Hide menu

Lab Assignment 1: Cache Memories

Table of Contents

Objective

The purpose of this lab is to understand the functionality of cache memories, and to get an insight into various trade-offs related to the design of systems with cache memories.

Time allocation

4 hours (2 lab sessions) are allocated for this lab.

Preparation

You should review the following resources before you start working on this lab:

  • Lab 0: Using the Toolset
  • Lecture notes about cache memories, Lesson exercises
  • Chapter 4 (on cache memories) in the course book
  • This link briefly describes different caching policies. It also provides tools to help visualize different cache structures.

Assignments

  1. Cache basics
    Solve the following problems and include the solution in the submitted report.

  2. Locality of data
    This assignment requires you to use sim-cache for the simulations on two different architectures.
    You need to run two test programs (test1.ss, test2.ss) on each of the two architectures.

    The source code and the binaries of the test programs are of the .c and .ss suffix, respectively. The configuration files for simulations are of the .cfg suffix. The source code, the test programs and the configuration files are already available in the simplescalar/cde-root directory - which you copied earlier in Lab 0.

    To complete this assignment, please follow the instructions listed below:
    • Look into the configuration files, cache1.cfg and cache2.cfg, used for the simulations.
      Compare the caches in the configuration files.
    • Report which fragments of the source code (in both test programs) exhibit spatial and temporal locality of the data.
    • Consider the nested loops in both the programs. Further consider all possible combinations of test programs and cache configurations (i.e. test1.c with cache1.cfg and cache2.cfg, as well as test2.c with cache1.cfg and cache2.cfg). For each such combination, report the number of times variable "sum" is incremented between two consecutive cache misses. This basically means count the number of cache hits between two consecutive cache misses. Assume that in the beginning cache is empty; that means that the first access to the cache results in a cache miss. Find the combination of test program and cache configuration with the best and the worst miss ratio.
      Note that you do not need to run simulations for this part; that you will do in the next part.
    • Run simulations for each test program (test1.ss and test2.ss) using both configuration files (cache1.cfg and cache2.cfg). To run simulations with given configurations, please follow the instructions in preparations. Find the combination of the test program and cache configuration with the best and the worst miss ratio. Verify that your simulation results agree with your answer in the previous question.
  3. Evaluation of cache configurations

    This assignment requires you to use sim-cheetah in order to evaluate the performance of several cache configurations.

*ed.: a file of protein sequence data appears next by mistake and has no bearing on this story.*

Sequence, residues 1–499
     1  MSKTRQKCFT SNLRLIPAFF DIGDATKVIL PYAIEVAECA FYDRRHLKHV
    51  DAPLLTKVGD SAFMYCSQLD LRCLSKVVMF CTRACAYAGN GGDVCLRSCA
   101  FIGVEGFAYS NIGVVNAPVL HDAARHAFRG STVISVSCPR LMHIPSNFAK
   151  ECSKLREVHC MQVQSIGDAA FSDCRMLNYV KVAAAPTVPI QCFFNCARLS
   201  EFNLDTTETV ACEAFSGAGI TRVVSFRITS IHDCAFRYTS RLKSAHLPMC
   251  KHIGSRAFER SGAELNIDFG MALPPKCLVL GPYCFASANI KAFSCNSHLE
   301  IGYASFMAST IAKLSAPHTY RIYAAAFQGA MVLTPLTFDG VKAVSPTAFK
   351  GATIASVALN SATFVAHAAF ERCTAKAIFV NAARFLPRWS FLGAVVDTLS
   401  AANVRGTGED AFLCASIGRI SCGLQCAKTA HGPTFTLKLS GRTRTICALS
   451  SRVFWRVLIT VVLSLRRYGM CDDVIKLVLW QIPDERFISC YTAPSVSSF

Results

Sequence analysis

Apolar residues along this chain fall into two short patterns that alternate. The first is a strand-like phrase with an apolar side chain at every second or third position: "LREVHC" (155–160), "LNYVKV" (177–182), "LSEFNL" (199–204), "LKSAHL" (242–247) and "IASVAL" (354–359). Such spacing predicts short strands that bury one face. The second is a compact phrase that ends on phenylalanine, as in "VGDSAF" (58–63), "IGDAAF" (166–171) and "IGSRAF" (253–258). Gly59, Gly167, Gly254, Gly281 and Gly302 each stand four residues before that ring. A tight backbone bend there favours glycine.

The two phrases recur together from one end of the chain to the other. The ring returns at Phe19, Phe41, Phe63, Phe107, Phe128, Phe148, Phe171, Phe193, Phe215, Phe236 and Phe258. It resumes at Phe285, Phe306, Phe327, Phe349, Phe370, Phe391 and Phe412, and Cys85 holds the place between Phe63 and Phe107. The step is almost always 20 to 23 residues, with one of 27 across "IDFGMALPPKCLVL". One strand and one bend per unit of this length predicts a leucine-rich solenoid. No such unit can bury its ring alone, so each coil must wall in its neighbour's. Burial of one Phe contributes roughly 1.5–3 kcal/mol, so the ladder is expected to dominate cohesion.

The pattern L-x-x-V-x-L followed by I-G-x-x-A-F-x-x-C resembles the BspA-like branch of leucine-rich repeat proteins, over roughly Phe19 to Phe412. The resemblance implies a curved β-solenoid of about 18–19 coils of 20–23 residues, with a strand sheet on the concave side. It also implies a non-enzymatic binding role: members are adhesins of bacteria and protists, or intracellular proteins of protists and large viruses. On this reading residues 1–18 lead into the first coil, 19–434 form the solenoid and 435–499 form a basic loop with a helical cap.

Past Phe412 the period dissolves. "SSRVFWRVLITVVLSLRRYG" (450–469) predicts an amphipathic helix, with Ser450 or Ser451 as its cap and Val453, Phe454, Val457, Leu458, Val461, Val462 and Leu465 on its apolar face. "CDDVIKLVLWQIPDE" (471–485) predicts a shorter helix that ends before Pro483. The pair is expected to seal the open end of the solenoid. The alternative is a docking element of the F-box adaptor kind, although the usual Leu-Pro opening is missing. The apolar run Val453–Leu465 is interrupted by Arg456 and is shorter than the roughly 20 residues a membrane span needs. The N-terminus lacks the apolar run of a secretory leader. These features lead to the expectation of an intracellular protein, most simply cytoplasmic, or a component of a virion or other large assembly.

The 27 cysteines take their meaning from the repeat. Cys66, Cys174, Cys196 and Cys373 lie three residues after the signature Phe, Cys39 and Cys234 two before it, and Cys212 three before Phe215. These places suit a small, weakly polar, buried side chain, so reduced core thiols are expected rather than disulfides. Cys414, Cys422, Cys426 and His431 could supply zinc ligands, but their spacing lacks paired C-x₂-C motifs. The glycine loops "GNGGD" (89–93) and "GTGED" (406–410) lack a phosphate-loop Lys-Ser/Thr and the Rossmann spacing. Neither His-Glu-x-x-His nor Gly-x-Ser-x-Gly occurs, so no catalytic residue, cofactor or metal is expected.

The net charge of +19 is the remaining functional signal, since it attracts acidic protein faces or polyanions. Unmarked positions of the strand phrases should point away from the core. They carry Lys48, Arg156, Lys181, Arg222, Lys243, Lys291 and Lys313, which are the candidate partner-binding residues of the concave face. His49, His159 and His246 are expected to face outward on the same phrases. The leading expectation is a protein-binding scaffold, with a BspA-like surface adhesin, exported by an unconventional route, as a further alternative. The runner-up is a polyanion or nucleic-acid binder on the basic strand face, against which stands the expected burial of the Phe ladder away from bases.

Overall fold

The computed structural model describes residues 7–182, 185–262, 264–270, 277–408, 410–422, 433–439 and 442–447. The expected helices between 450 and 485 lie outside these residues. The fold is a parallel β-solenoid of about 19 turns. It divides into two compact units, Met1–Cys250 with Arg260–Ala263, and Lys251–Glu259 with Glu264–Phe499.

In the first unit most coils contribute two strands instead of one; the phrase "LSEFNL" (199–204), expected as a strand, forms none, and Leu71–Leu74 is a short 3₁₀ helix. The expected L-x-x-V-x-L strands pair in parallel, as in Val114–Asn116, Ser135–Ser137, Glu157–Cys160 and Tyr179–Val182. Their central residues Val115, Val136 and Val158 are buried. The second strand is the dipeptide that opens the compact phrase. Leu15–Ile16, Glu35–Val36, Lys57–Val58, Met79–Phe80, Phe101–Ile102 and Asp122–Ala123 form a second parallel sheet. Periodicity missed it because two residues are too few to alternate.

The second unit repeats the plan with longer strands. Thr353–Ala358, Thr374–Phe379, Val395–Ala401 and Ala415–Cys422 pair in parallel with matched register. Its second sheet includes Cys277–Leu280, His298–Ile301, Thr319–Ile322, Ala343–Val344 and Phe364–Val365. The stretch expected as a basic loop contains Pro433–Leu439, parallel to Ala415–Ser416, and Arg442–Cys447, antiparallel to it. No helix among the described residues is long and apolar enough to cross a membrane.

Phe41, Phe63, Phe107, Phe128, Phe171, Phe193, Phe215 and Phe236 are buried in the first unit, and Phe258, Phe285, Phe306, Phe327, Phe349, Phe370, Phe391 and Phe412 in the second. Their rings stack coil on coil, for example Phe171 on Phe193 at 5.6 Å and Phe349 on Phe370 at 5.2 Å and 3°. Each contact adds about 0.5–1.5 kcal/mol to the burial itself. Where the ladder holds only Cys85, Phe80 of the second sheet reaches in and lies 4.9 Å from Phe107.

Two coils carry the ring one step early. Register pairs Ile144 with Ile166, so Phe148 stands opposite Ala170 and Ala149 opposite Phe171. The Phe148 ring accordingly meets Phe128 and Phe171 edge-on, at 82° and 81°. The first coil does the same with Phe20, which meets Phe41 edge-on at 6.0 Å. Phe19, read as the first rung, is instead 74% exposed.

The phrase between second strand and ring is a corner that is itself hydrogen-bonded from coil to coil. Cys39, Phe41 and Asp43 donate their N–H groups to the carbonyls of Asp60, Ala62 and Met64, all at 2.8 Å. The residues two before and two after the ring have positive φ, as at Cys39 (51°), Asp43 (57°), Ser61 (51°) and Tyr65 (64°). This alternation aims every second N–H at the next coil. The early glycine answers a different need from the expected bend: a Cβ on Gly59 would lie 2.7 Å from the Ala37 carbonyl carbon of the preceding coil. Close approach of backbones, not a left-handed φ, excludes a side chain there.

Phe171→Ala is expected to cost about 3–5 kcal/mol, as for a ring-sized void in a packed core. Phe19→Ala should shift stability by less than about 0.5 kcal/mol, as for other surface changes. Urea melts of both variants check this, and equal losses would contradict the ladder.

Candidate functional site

• Create a configuration file for sim-cheetah (by first dumping the default configuration file of sim-cheetah as explained in lab0), so that the simulations cover the following cache configurations. Towards this, you need to first dump the default configuration file and then edit that file according to the following cache configurations.
      • caches with a number of sets between 128 and 4096,
      • caches with a level of associativity between 1 and 8,
      • caches with a line size of 32 bytes and a LRU replacement policy.
      ATTENTION: For those arguments that are commented with "log base 2", you should use the value of power 2 instead of the original value. For example, if you want to set the line size of the cache to be 64, you should set 6 instead of 64 in the line with a leading switch -l (that is an 'el').

      Using the go.ss benchmark, run the simulation for the three cases in which the cache stores either only data (data cache), or only intructions (instruction cache), or both (unified cache). To specify whether the cache stores only data, instructions or both, modify the -refs parameter (# reference stream to analyze, i.e., {inst|data|unified}) in the configuartion file.

      Here is an example of runnning go.ss on SimpleScalar:

        sim-cheetah -config config-file go.ss 3 7
      where go.ss is a simple program that makes the computer run the game "Go" against itself using the config-file configuration file. The first parameter (3) indicates the level of the player, while the second parameter (7) sets the go table size.

    • For each of the three simulations, extract the results from the output files, and create a plot graph which shows how the miss ratio depends on the associativity.
    • Answer the following questions.
      • What is the relation between the miss ratio and: the associativity and number of sets?
      • Assume that "go.ss" has almost the same number of instruction and data accesses. Further assume that we are poor enough to afford only one cache. Based on your plot graphs, explain which variant of cache (instruction, data or unified) you will choose to run this application.
      • Consider your plot graph for the instruction cache. Assume that a designer can spend at most 8000 SEK for an instruction cache and the cost to design each byte in an instruction cache is 0.01 SEK. For instance, with this budget and cost, we can have an instruction cache with the maximum cache size of 800000 bytes. Now, for the given maximum budget and the given cost-per-byte, find the exact cache configuration that minimizes the following cost function:

        cost function = (100000 * miss ratio) + (0.01 * cache size in bytes)

What to report

  • Answers (with sufficient explanations) to each of the previous problems. You may use figures when necessary.

  • Page responsible: Zebo Peng
    Last updated: 2017-11-15